Patriots RT Marcus Cannon on what TCU meant to his career
Marcus Cannon was quick to correct a reporter who asked if he could appreciate being in “two” Super Bowls when some players never get to experience one.
“Three!” Cannon said laughing.
Ah, yes, the Patriots lost to the Giants in Cannon’s rookie season of 2011 before beating the Seahawks in the 2014 season.
“Even though we’re trying to stay focused, I’m still happy to be here, blessed to be here,” Cannon said. “I don’t take it for granted, but you’ve got to remember why you’re here.”
Three Super Bowls in six seasons could spoil a player. Cowboys tight end Jason Witten has played 14 seasons without making it even to one Super Bowl.
This guy, he goes out there and he competes, and I know he’s going against great players this week as well, but I just think he’s playing with a lot of confidence, and he has maxed out his skill set because his body can work and function at its highest because of a loss of weight and the way he’s moving around.
Patriots offensive line coach Dante Scarnecchia on Marcus Cannon
“Every one is different,” Cannon said. “But of course, it’s awesome to be back.”
The former TCU standout, who makes his off-season home in DFW, wouldn’t reveal where he keeps his Super Bowl ring.
“It’s a secret. It’s a secret location,” Cannon said.
Cannon wore his ring after he first got it, but he’s always been one to look ahead rather than behind.
“It’s like once the next season starts you put it up,” Cannon said. “Maybe after I’m done playing I’ll wear it more, but at this point it’s kind of overkill.”
Cannon had his best season this season, earning second-team All-Pro at right tackle. Pro Football Focus rated him the eighth-best tackle, regardless of side, in football and the second-best right tackle. Cannon allowed 2.5 sacks, according to STATS, and was called for only two holding penalties.
It’s like once the next season starts you put it up. Maybe after I’m done playing I’ll wear it more, but at this point it’s kind of overkill.
Marcus Cannon on his Super Bowl ring
“You have to look at the physical part of it,” Patriots offensive line coach Dante Scarnecchia said. “He lost 30 pounds. I think that was huge. He reshaped his body, and I think that helped a great deal. Then, he got the one thing that they all wish they had, and that’s confidence. As each game progressed and he became more confident in what he was doing and how he was doing it, I think that really helped him a great deal.
“This guy, he goes out there and he competes, and I know he’s going against great players this week as well, but I just think he’s playing with a lot of confidence, and he has maxed out his skill set because his body can work and function at its highest because of a loss of weight and the way he’s moving around.”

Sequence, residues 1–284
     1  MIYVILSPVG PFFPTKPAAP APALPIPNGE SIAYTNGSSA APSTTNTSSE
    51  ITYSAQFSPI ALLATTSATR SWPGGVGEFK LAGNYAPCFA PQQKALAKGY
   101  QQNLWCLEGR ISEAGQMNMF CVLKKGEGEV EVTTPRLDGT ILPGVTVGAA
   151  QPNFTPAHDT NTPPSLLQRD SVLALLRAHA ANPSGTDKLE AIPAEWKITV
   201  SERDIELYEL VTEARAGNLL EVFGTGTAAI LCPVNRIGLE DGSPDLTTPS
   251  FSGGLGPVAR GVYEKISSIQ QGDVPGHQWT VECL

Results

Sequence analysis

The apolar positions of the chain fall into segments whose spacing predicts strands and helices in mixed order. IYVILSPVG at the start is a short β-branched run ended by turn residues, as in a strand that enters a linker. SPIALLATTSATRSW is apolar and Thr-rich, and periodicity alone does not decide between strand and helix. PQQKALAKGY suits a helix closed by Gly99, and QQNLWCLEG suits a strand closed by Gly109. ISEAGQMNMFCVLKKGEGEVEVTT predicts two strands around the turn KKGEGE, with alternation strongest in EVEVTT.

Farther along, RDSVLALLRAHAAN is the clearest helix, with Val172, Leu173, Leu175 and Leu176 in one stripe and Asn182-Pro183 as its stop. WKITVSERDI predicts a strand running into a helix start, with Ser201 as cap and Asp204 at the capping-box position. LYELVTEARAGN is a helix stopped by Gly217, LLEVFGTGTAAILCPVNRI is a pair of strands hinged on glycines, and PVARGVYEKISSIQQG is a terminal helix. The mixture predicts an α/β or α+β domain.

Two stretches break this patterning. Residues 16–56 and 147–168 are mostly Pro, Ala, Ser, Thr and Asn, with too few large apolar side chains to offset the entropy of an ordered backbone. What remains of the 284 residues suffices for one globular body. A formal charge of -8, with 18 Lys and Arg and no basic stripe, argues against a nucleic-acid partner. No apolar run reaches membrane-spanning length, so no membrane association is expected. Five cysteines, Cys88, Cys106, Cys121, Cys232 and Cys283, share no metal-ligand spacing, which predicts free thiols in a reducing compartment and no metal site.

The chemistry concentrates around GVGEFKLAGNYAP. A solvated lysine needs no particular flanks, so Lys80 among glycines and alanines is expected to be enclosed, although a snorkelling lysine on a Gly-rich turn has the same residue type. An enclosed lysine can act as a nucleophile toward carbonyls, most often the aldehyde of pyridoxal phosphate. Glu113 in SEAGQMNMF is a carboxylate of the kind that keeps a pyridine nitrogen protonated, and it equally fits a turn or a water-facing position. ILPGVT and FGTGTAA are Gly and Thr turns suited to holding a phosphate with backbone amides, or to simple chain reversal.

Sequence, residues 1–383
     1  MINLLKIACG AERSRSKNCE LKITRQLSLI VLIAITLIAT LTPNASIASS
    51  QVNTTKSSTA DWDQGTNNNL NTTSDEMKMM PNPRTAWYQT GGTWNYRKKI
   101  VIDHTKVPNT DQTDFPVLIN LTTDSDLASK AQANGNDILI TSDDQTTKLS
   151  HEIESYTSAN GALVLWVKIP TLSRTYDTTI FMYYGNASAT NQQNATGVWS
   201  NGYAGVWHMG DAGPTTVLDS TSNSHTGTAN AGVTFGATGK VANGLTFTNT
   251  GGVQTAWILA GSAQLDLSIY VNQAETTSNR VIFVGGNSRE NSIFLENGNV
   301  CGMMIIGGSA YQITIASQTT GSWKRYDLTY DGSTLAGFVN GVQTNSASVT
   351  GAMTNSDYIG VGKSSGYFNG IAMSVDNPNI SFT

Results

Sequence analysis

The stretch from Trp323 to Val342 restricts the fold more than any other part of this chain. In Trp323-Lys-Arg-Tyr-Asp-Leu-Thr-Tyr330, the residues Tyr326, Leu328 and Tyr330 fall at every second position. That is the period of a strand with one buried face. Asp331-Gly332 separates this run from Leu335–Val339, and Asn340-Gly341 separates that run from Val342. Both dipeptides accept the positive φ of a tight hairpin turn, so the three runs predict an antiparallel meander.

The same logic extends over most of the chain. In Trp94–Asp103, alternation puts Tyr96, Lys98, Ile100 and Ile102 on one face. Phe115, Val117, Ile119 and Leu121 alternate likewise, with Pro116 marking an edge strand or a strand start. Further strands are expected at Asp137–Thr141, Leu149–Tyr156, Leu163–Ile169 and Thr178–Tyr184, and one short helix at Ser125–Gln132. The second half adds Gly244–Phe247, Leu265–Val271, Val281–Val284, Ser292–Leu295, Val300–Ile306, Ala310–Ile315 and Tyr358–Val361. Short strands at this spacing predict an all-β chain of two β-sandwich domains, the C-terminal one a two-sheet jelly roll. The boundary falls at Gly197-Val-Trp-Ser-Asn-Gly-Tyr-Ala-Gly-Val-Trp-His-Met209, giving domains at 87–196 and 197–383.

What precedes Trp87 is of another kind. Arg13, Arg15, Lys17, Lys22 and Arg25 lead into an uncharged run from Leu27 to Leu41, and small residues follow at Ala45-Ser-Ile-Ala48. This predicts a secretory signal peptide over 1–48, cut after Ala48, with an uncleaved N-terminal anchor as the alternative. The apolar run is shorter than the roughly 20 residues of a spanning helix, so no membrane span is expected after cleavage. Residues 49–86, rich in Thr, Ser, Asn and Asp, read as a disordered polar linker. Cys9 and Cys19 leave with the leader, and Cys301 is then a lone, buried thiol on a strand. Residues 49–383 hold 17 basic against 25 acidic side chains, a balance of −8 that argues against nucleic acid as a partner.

The Patriots rewarded the former fifth-round pick with a five-year, $32.5 million contract extension late this season, guaranteeing him $14.5 million guaranteed.
Matt Schaub is back where he began his career in Atlanta, now a backup on a Super Bowl team in a city where he had his most success.
“It’s interesting how it works,” Schaub said. “With Atlanta — a great organization and great team — and to come back to this city where we called home for seven years and have a chance with what’s in front of us, it’s awesome. I don’t know if it’s quite hit me now. It probably won’t until months from now.”
Schaub, a third-round pick of the Falcons in 2004, was traded to the Texans in 2007. He remains the most successful quarterback in the Texans’ short history, with a 46-42 record, a 64.6 passer rating, 23,221 passing yards, 124 touchdowns and 78 interceptions.
But after a 2-6 record as the starter in 2013, the Texans traded Schaub to Oakland before the 2014 season. He has gone from Oakland to Baltimore to Atlanta in three seasons.
The Texans, meanwhile, have counted Ryan Fitzpatrick, Brandon Weeden, Case Keenum, Brian Hoyer, Ryan Mallett, T.J. Yates, Brock Osweiler and Tom Savage as starters since Schaub’s departure.
“It’s definitely a shame that that’s how it happened,” said Schaub, who is Matt Ryan’s backup. “You never want to have that type of situation, but that’s this game. One minute thinking you’re unbeatable and the next minute it’s very humbling. That was too bad it ended like that, but you come out from it, you learn from it, and you just move it. You put things behind you. You have to have short-term memory in this game.”